Cusack: Passing Bill Might Avert Legal, Ballot Fight
With a major employment classification fight brewing that could determine pay and benefits for hundreds of thousands of app-based drivers, the field’s largest companies and their allies are touting a new poll finding that drivers in Massachusetts largely want to retain the freedom of independent contractors.
The Massachusetts Coalition for Independent Work, an industry-funded group that launched in March, commissioned a poll asking drivers on four of the most widely used ride-hailing and delivery platforms about their work patterns and employment preferences.
Asked if they would rather be an independent contractor, which is how drivers are currently categorized, or an employee, 64 percent of drivers preferred “independent contractor,” 29 percent chose “employee,” and 7 percent said they were not sure, according to a copy of the poll results shared with the News Service.
Beacon Research conducted the poll, running online surveys between May 14 and May 20 with 446 Massachusetts drivers for Uber, Lyft, DoorDash and Instacart — the four companies who are funding the coalition and paid for the poll.
Drivers received a personalized link via email to complete the survey, and Beacon said the final data are representative of drivers statewide based on “known and estimated characteristics of region, age, gender, race, and education.” It was not clear if the poll had a margin of error.
Ride-hailing and delivery app companies are facing scrutiny nationwide about how they classify and compensate drivers, with opponents contending that the existing independent contractor system leaves workers underpaid and with insufficient benefits. The companies often argue that many drivers prefer the flexibility they receive as independent contractors.
The Beacon poll found that nearly nine in 10 drivers cite flexibility in the number of hours they work and selecting their own schedules as “major reasons” they drive for the platforms. Sixty-two percent said doing so allows them to earn money while caring for a loved one, and 60 percent said it provides a needed source of income that helps pay for basic needs.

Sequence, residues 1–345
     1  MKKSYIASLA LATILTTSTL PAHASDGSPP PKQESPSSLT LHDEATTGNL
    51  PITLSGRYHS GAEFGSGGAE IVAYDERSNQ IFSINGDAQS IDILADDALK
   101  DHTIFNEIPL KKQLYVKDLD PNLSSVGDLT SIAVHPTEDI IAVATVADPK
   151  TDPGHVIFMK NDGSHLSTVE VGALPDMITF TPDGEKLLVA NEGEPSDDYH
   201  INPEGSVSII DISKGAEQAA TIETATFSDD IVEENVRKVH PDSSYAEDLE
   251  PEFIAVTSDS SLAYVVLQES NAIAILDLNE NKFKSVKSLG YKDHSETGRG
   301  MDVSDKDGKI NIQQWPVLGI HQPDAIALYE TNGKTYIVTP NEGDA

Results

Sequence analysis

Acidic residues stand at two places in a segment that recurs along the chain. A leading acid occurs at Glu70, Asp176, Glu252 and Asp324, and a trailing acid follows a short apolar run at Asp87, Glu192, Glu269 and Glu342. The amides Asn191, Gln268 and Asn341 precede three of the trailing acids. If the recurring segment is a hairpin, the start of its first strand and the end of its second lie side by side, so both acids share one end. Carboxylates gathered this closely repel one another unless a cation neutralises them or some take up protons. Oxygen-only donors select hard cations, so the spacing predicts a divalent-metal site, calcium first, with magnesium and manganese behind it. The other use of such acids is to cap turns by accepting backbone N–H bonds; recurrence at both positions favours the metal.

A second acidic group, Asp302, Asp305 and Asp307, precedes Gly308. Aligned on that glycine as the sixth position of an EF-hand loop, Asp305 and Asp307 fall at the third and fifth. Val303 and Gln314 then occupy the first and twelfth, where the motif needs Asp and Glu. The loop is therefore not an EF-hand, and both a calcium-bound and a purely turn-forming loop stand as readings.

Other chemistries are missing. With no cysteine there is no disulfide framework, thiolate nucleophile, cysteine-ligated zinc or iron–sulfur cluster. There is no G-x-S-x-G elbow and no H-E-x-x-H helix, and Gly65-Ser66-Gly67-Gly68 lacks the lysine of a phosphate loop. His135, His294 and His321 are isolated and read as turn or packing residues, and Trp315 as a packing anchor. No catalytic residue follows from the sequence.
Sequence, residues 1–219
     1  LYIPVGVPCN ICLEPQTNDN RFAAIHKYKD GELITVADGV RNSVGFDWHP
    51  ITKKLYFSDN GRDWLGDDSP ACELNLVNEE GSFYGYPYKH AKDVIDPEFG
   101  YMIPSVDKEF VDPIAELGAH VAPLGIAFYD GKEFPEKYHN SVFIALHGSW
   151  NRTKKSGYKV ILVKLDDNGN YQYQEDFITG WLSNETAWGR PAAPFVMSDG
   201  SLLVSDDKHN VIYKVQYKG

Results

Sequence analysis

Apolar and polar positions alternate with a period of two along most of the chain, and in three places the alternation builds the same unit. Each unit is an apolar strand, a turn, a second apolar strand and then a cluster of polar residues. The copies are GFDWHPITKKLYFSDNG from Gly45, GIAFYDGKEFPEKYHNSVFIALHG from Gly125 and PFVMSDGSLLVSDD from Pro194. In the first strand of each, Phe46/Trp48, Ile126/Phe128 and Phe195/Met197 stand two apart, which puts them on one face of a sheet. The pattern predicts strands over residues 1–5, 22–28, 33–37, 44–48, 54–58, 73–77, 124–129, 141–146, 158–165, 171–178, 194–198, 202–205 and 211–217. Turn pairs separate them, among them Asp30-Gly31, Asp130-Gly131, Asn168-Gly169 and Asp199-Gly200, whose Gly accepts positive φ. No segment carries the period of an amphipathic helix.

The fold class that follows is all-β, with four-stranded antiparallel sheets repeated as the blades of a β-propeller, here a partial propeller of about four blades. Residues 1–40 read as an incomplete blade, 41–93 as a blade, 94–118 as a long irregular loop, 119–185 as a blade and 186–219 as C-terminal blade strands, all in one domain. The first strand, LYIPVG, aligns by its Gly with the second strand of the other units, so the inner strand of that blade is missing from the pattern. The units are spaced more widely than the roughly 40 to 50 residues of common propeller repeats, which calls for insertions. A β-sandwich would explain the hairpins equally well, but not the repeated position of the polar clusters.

“In fact, if drivers had to have a set schedule, report to a boss, were only able to drive with one platform, and had a flat hourly rate, six-in-ten (57%) drivers say that they would not continue driving with app-based platforms, even if they received other employee benefits,” Beacon Research wrote in its summary of the poll.
Asked which is more important to them as a driver, 70 percent said they prefer being able to maintain schedule flexibility, and 23 percent said receiving traditional employee benefits matters more.
The Massachusetts Coalition for Independent Work supports legislation filed by Rep. Mark Cusack and Rep. Carlos Gonzalez that would update state law to keep all app-based drivers as independent contractors. Companies would not be allowed to prescribe hours or times for work nor terminate drivers for declining a specific ride or delivery request.